I agree with the Association that the City offered not a scintilla of evidence to explain why it should treat the members of the Association differently than the other twenty-one City employees. There is no evidence indicating that the City is offering any quid pro quo for its proposed 50-50 split in insurance premium increases. There has been no justification of the cost-sharing by the Association members. If, in fact, the City, as Cubick testified, expects no rate increases, what would be the reason for requiring Association employees to split any increase premiums 50-50 for the last two years of the contract. His position is totally disingenuous.
The City’s proposal of a contributive requirement will have a negative impact on its ability to attract and retain qualified employees. Dana Bennett, the senior research analyst for the Association’s representative, testified that, in her experience of some thirteen years as public human resource manager, the base rate and insurance plan costs were prime factors in the ability of an employer to attract and retain employees.
I find that these factors as they are set forth by the Association are, in fact, one of the important realities of securing and maintaining a work force. I am somewhat astounded at the disparate treatment of the Association employees. I find the City did not offer any justification for its position and it is not in the best interest of fostering the recruiting and retaining of experienced and qualified personnel. Those two factors are the cornerstone an effective police department. Accordingly, I find that the Association’s position is the more reasonable one.
D. Equipment Cost Replacement
The Association’s request for changes in uniforms and equipment is simple. It would change the $150.00 allowance per term of the contract for receipted purchase of duty related footwear. The Association proposes a $300 per contract term reimbursement for duty- related equipment. The items necessary to outfit a patrol officer cost approximately $1,005.81 if he elects to buy low-end equipment. The City did not respond to this proposal. The City currently requires officers to expend an amount equal to 33% of the top officers first month salary to purchase the necessary equipment to perform their duties. The total cost to the City of the Association’s proposal over the term of the contract is $1,500. The was no evidence presented that other employees of the City are required to purchase any equipment to do their job.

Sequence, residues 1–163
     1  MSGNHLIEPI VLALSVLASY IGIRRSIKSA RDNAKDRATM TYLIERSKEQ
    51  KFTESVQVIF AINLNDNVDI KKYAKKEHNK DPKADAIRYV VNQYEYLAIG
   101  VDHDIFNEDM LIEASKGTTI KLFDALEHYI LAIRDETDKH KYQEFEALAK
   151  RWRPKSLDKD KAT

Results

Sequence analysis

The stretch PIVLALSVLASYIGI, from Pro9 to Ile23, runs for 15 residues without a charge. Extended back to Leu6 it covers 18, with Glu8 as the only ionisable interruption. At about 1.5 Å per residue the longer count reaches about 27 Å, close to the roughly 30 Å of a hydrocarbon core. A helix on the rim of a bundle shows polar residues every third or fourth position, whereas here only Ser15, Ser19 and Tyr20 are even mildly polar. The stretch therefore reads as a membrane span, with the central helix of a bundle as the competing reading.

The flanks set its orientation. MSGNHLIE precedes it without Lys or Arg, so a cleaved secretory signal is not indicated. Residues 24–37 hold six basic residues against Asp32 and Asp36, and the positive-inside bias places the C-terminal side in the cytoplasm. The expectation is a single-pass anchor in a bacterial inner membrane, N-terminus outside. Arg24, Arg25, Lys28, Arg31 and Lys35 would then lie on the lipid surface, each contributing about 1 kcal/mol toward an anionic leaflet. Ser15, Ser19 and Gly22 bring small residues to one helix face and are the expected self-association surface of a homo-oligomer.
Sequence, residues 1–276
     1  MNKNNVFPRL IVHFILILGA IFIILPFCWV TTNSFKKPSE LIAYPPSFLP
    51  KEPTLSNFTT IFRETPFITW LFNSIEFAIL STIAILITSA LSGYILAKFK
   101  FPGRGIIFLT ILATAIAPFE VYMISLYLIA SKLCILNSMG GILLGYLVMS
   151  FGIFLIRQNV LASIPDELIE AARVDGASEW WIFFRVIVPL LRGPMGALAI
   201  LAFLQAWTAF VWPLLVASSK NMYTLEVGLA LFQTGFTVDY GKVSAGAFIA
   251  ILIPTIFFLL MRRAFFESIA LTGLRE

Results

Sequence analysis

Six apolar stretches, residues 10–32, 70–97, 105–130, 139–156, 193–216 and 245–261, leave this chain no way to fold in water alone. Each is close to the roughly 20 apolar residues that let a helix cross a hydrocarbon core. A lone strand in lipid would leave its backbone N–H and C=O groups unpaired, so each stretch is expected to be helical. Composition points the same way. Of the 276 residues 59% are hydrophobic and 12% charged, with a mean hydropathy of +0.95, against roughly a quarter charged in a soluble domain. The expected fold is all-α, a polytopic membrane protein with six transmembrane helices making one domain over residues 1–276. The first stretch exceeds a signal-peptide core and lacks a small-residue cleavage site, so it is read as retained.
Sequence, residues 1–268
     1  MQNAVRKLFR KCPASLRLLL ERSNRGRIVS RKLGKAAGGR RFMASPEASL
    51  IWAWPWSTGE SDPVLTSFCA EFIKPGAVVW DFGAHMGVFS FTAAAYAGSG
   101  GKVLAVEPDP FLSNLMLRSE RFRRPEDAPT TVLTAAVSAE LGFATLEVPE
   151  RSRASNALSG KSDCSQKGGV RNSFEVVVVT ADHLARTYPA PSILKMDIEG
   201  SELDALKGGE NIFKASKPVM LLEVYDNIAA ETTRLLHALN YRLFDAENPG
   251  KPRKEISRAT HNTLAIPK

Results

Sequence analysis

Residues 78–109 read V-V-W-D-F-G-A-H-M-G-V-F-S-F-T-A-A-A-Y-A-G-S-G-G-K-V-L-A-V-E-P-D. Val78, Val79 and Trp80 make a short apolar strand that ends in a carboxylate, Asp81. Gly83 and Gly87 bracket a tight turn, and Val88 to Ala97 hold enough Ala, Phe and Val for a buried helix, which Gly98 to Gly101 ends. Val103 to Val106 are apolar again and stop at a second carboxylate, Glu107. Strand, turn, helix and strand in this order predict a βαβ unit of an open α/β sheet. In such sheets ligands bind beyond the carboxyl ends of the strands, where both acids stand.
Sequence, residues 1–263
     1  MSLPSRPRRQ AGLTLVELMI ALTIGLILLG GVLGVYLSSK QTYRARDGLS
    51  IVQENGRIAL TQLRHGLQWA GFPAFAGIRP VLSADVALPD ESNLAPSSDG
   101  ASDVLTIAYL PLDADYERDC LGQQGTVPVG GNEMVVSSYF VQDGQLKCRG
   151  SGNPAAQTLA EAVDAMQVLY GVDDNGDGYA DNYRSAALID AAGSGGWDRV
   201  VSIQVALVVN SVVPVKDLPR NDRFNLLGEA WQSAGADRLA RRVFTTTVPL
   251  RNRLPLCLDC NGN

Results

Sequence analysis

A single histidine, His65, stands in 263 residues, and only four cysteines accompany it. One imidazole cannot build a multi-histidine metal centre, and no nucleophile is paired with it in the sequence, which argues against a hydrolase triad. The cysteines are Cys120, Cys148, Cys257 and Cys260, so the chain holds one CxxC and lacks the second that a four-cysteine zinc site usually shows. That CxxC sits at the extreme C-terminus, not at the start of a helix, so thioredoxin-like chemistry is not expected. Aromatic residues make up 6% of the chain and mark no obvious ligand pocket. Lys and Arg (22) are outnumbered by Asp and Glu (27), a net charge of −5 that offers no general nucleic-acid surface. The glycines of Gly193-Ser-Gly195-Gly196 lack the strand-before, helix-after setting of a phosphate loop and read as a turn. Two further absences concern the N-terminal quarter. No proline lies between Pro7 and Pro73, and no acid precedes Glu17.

E. Reasonable Financial Ability of the Employer
There should be no doubt in anyone’s mind that the revenues generated by our outdated taxing systems creates significant challenges for all state, county and municipal governments. Myrtle Creek is no exception. During the term of the now expired contract there were serious financial problems resulting in deficits in three of the last four years. It appears however, based on the existing and projected revenues that the City has turned the corner and the future is much brighter.2
FN 2 - The City has currently on file 33 planning worksheets for constructions of 33 new residential buildings, two of which are duplexes.
I would think it rare that in calculating the cost of the compensation package of the parties over the three year term of the contract, that the one proposed by the City would come in at $45, 778 and the Association’s package would come in at $38,610. In light of these two proposals it is difficult, as the Association contends, to conceive how the City can assert an ability to pay argument. Certainly, this is an anomaly of some type. When you look at the proposals closely you find the major portion of the City’s cost lies in the assumption of a 15% increase in insurance costs. The major portion of the Association’s cost lies with wage increases for patrol officers. The City estimates that the three year contract proposal they put forth costing out at $45,778 assumes a 15% percent health insurance increase. The Association, on the hand, in its proposal of $38,610 for the three year contract term, assumes a 10% health insurance increase in each year of the contract and a 3% wage increase each year of the contract. Given the cost analysis it is clear, as the Association asserts, the ability-to-pay concept is meaningless. Of course, on the other side, the City, as indicated in its opening his brief, is not claiming inability to pay the Association’s proposal. It could do it but what would the cost be to other aspects of the City. This approach is clearly one of prioritizing the City’s needs. It speaks of a low priority for the police unit. This is not in the best interests of the citizens of Myrtle Creek or the public that visits.